Earliest Accounts: St Francis, Stigmata, and Polemic in the Orthodox Church (Part 2)

This post continues the previous one regarding the polemic surrounding Francis of Assisi’s reception of the stigmata on Mt Alverna is Tuscany during August-September 1224.  Here, I will present the account of St Francis’ experience as related by two sources much earlier than the one used by the author of the Orthodox Word article.  The first account is by Thomas of Celano; the second is drawn from Bonaventure’s Life of Francis.

  Thomas of Celano’s Account

Thomas of Celano was a disciple of Francis, present with him from around 1213 to 1216, though apparently not one of the inner circle of Francis’ companions.  Although he was absent the last two years of Francis’ life, during which time Francis bore the stigmata, he would have remained in touch with Francis’ companions who could have provided him with his sources of information for this time period.  Thomas was present at Francis’ canonisation on 16 July 1228, and by February 1229 had written the first life of Francis at the direction of Pope Gregory IX.  His account is thus not the textual basis on which Francis’ sainthood was decided; however, it shaped most subsequent accounts. The work can also be viewed as the earliest ‘official’ understanding (by the Latin church) of Francis’ particular sanctity and way of life. Thomas’ account of Francis’ reception of the stigmata appears in this First Life. Between 1244 and 1247, however, Thomas also wrote a Second Life of Francis for the Minister-General of the order. This second work fills in some lacunae left by the initial Vita. (All quotes are from Howell’s 1908 translation, and therefore ought to be in the public domain.)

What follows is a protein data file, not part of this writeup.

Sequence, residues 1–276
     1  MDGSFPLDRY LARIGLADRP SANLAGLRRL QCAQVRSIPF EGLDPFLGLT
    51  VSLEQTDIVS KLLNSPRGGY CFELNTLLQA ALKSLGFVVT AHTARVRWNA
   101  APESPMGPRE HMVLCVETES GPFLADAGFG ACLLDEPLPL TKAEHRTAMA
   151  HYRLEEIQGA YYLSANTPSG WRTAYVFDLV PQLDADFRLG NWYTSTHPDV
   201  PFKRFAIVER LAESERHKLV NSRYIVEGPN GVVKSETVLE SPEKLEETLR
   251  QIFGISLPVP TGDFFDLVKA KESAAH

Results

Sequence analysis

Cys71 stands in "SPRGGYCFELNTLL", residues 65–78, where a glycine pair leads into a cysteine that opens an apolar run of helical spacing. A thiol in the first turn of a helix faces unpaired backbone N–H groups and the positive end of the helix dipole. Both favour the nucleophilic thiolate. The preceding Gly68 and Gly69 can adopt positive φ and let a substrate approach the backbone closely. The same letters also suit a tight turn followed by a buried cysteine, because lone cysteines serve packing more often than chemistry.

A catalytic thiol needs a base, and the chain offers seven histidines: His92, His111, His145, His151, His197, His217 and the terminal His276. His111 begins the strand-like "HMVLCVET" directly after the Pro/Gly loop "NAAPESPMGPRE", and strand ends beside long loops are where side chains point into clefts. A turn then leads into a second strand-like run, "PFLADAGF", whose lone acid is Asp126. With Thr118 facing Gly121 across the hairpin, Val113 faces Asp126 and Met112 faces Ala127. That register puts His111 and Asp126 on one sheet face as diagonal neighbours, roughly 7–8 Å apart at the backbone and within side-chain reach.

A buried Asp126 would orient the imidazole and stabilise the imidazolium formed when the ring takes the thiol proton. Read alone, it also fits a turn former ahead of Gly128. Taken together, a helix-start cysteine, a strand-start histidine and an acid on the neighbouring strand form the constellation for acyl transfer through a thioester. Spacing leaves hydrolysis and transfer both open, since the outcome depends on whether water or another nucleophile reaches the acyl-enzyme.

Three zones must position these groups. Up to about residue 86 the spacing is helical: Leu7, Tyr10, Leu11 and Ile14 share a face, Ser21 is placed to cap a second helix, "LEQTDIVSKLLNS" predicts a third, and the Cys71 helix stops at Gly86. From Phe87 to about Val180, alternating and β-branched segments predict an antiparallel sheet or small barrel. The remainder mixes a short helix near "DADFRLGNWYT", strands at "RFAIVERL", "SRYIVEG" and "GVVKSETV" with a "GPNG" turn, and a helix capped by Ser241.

In Thomas’ telling, the appearance of the stigmata is framed by a chapter in which Francis sought in prayer to know, “in what manner, by what way, or by what desire he might most perfectly cleave to the Lord God in accordance with the counsel and good pleasure of His will.” Francis therefore prayed prostrate that God would show him His will by opening the Gospels at random, and that Francis would have the strength to do what was God’s will for him. Francis opened the Gospels to the Passion narrative. He repeated this three times, each time his gaze falling on similar passages recounting how Jesus suffered tribulation. Francis took this to mean, “that it behooved him through much anguish and much warfare to enter the Kingdom of God.”

Earlier, in the second part of the First Life, Thomas had recorded that Francis, in imitating Jesus, would spend one part of his time profiting his neighbour, and one part in contemplation and repose (meaning solitude). Thomas avers that Francis was engaged in continual prayer, and that this frequent contemplation led to intimacy with God. (Possible ‘methods’ of contemplation that Francis might have used will be treated in a subsequent post, drawing on some of St Bonaventure’s writings concerning the topic.) Thomas thus already set up in the reader’s mind the idea that Francis was engaged in an earnest pursuit of imitating Jesus’ earthly life as closely as possible.